Now, here’s where things get interesting. You’ve probably heard of Botox for wrinkles, but did you know it’s also a hero for hemifacial spasms? Yep, by injecting tiny amounts of Botox into specific facial muscles, we can give those spasms a timeout.

How Does Botox Work Its Magic?

So, how does Botox do its thing? Well, it’s like putting a temporary pause button on your muscles. Botox blocks the signals that tell your muscles to move, so they chill out for a bit.

The science behind this is that Botox works by blocking the release of acetylcholine, a neurotransmitter responsible for muscle contractions. By inhibiting muscle activity, Botox effectively reduces the frequency and severity of spasms, allowing affected individuals to regain control over facial movements and alleviate discomfort.

Efficacy and Benefits

Local botulinum-toxin injection is a safe and well-tolerated symptomatic treatment for hemifacial spasm.

One of the key advantages of Botox therapy for hemifacial spasms is its ability to deliver sustained relief. Unlike some conventional treatments that may offer only short-term benefits, Botox injections can provide significant and enduring improvement in symptoms for an extended period. Many folks experience relief within days of treatment, with effects lasting several months before requiring re-administration. This longevity makes Botox an attractive option for those seeking reliable and long-lasting solutions.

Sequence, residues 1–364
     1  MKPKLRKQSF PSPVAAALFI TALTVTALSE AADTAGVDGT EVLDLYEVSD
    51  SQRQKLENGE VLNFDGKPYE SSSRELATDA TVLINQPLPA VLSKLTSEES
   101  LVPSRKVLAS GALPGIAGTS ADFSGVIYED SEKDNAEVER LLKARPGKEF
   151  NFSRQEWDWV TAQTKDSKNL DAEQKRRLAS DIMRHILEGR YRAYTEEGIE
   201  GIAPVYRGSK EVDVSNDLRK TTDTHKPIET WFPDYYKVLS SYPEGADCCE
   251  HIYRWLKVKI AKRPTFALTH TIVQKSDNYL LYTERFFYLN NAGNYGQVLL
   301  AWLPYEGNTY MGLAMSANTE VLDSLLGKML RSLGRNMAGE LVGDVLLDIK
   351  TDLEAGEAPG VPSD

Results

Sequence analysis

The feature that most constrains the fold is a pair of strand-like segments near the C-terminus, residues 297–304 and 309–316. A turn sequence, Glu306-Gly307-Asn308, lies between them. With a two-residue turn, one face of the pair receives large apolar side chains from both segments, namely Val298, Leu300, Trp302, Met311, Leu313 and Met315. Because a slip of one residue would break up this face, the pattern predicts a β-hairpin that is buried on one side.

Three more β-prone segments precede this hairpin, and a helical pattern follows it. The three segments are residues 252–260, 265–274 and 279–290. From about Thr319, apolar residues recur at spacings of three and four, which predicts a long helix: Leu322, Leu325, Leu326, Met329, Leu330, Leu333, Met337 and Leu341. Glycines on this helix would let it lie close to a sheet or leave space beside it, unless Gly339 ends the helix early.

Safety and Considerations

Botox injections for hemifacial spasms are generally safe when administered by qualified professionals experienced in the procedure. However, as with any medical intervention, there are potential risks and considerations to be aware of. It’s essential to discuss your medical history, allergies, and expectations with your provider to ensure the treatment is suitable for you.

Additionally, while side effects are rare, they may include redness, swelling, headache, flu-like symptoms, and temporary weakness or drooping in nearby muscles, which typically resolve within a few weeks.